Donald Trump can’t legally move the 2020 election but may have something else in mind

The power to determine the “Times, Places & Manner of holding Elections” is granted to the Congress by way of the US Constitution

Donald Trump’s crusade against mail-in voting continued on Thursday when he floated the idea of delaying the 2020 US election until in-person voting was feasible.

“With Universal Mail-In Voting (not Absentee Voting, which is good), 2020 will be the most INACCURATE & FRAUDULENT Election in history. It will be a great embarrassment to the USA. Delay the Election until people can properly, securely and safely vote???” Mr. Trump tweeted.

The president’s concerns with mail-in voting have been debunked by elections experts. But could he actually move the election?

Joe Biden, the presumptive Democratic challenger to Mr. Trump, issued an unsettling warning to his supporters in April about the subject.

“Mark my words, I think [Trump] is gonna try to kick back the election somehow, come up with some rationale why it can’t be held,” he said during the event. “That’s the only way he thinks he can possibly win.”

The charge would raise skeptical eyebrows under normal conditions. But in the coronavirus-embattled world we now inhabit, in which billion-dollar sports leagues cancel seasons and states postpone – or even cancel – their primaries, is it really that absurd to think Mr. Trump could delay the 2020 election?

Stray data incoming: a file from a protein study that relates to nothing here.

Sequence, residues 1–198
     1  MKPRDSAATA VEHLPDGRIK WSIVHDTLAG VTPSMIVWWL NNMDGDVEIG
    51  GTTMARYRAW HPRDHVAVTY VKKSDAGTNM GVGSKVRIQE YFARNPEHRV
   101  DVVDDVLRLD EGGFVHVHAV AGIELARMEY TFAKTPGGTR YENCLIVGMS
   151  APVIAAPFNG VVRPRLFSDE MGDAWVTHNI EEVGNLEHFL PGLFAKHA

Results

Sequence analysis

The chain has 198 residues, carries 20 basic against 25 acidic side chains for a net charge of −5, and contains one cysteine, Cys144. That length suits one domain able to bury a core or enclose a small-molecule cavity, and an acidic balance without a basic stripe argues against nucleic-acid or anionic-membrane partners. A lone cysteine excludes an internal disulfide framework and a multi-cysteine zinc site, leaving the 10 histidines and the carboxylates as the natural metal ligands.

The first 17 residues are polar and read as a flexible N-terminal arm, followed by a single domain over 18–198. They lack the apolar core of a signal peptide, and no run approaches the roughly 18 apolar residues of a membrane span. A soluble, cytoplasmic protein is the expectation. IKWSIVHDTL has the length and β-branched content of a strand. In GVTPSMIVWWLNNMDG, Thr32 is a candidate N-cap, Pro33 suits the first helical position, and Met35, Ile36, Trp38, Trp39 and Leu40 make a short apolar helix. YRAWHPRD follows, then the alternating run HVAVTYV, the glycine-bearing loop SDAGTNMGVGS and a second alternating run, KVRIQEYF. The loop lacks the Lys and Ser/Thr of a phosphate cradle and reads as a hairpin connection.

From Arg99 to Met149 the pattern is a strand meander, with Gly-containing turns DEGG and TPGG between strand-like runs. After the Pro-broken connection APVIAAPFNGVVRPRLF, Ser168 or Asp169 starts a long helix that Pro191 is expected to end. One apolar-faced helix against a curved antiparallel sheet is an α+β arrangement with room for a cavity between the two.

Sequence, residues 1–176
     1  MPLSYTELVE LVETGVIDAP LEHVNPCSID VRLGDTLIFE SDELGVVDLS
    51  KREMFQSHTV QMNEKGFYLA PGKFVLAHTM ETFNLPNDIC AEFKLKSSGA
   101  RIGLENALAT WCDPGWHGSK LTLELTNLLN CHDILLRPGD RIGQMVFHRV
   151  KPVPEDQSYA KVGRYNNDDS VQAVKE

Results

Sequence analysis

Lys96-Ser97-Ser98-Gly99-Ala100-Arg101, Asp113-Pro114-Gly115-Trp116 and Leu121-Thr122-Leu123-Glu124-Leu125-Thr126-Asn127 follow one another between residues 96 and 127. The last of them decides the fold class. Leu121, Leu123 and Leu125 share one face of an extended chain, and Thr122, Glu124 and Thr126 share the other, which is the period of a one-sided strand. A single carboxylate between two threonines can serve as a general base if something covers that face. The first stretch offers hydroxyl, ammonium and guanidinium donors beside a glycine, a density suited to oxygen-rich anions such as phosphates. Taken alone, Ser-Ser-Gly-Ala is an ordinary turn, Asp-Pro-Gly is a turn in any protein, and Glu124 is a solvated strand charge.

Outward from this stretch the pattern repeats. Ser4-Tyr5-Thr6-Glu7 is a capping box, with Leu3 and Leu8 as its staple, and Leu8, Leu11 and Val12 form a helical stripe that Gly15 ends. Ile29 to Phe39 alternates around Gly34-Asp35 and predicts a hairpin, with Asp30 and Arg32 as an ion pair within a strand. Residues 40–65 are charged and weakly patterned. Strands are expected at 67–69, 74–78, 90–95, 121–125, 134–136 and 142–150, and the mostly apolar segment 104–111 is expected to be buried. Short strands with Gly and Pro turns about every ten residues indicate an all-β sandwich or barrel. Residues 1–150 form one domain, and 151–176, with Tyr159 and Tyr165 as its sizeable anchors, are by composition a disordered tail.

Well, yes.

See Also:

Cyprus: Putin “to help ease” gas search tensions with Turkey

A Black videographer got stabbed at the Portland protests, and he says it is because he is pro-Trump

Mr. Trump doesn’t have the power to move or otherwise postpone the election. That power – to determine the “Times, Places and Manner of holding Elections” – is granted to the Congress by way of the US Constitution.

The US Constitution mandates that every state votes on the same day and that the states determine a number of electors who ultimately elect the president. US Code builds on that, establishing that those electors “shall be appointed, in each State, on the Tuesday next after the first Monday in November, in every fourth year succeeding every election of a President and Vice President.”

Read more: The Independent